alexa House dust extracts have both TH2 adjuvant and tolerogenic activities.
Immunology

Immunology

Journal of Clinical & Cellular Immunology

Author(s): Ng N, Lam D, Paulus P, Batzer G, Horner AA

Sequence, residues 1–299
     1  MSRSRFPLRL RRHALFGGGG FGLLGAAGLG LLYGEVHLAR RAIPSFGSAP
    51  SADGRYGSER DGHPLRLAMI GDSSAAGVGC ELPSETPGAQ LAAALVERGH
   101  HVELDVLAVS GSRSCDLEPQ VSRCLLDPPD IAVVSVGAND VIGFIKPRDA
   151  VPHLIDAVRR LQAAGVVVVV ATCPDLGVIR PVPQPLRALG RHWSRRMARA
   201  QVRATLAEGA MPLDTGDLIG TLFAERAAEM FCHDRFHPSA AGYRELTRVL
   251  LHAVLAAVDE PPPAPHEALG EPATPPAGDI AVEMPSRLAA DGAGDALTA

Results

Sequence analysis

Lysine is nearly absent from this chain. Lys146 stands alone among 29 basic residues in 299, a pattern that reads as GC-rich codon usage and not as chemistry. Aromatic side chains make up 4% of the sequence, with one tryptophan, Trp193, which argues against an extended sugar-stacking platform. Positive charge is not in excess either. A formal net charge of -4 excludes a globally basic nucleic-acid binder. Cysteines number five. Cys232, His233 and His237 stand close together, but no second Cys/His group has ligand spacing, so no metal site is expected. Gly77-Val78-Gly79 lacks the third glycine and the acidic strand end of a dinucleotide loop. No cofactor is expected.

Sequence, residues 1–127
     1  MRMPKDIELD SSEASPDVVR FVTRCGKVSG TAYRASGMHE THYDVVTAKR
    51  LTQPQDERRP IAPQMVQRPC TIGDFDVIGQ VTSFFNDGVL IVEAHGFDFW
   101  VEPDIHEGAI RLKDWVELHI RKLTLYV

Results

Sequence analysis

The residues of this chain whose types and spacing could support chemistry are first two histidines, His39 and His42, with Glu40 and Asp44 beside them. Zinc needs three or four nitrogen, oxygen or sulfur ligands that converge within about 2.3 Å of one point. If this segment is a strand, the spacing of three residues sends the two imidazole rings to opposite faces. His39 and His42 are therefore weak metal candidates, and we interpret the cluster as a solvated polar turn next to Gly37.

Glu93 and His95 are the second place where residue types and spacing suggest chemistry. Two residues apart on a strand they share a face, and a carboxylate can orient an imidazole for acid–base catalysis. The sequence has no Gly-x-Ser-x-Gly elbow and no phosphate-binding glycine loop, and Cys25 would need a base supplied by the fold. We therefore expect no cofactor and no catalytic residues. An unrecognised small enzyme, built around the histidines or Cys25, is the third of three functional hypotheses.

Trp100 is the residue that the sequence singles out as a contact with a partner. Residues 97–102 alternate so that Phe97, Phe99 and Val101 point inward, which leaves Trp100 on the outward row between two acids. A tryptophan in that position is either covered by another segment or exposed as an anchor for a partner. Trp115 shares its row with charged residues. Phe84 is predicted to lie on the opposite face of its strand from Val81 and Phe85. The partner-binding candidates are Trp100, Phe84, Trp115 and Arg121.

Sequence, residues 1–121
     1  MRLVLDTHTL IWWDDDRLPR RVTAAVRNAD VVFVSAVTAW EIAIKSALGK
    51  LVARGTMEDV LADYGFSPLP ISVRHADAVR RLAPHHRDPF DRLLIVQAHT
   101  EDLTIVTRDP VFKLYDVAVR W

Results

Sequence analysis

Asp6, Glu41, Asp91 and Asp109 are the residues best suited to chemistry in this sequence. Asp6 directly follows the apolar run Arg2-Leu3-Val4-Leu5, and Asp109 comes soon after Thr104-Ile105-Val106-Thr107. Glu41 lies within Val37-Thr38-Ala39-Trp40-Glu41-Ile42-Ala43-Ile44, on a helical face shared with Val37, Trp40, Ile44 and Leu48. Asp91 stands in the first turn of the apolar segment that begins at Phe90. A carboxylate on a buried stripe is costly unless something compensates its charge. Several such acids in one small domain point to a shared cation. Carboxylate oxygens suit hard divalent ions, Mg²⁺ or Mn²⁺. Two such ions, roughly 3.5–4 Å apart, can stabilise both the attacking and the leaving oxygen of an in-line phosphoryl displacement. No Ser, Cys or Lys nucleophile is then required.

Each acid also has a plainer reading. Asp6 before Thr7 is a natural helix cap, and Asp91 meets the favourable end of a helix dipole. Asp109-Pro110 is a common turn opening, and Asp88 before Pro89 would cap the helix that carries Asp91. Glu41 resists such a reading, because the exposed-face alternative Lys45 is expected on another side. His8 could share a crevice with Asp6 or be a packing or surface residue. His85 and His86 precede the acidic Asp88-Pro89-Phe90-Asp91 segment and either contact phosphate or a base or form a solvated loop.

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Abstract BACKGROUND: Although mechanisms remain a subject of controversy, there is general agreement that living environments influence allergic risk during the first years of life. We reasoned that sterile house dust extracts (HDEs) would have immunologic activities reflective of their environments of origin and therefore would be useful surrogates for investigations of how ambient exposures influence immune homeostasis. OBJECTIVE: These experiments determined how airway HDE exposures influence adaptive responses to a coadministered antigen and subsequent airway hypersensitivity responses to antigen challenge. METHODS: Mice received intranasal ovalbumin (OVA) vaccinations on a weekly basis. Select groups of mice also received intranasal HDE weekly with OVA; daily at one seventh the weekly dose, beginning 7 days before the first OVA sensitization; or both. RESULTS: Weekly intranasal vaccinations with OVA and HDE primed mice for the development of T(H)2-biased immune and airway hypersensitivity responses. In contrast, daily low-dose intranasal HDE exposures protected against the immunologic and pathologic outcomes associated with weekly intranasal OVA/HDE vaccinations. The T(H)2 adjuvant activities of HDEs were found to be dependant on MyD88, a molecule critical for signaling through a majority of Toll-like receptors. Moreover, the tolerogenic activity associated with daily intranasal HDE exposures could be replicated with LPS. CONCLUSION: These investigations demonstrate that in addition to allergens, living environments contain immunomodulatory materials with both T(H)2 adjuvant and tolerogenic activities. CLINICAL IMPLICATIONS: As the contents of HDEs are ubiquitous, these experiments might recapitulate and help explain clinically relevant immunologic events involved in the maintenance of aeroallergen tolerance and the dysregulated responses that lead to allergic respiratory diseases. This article was published in J Allergy Clin Immunol and referenced in Journal of Clinical & Cellular Immunology

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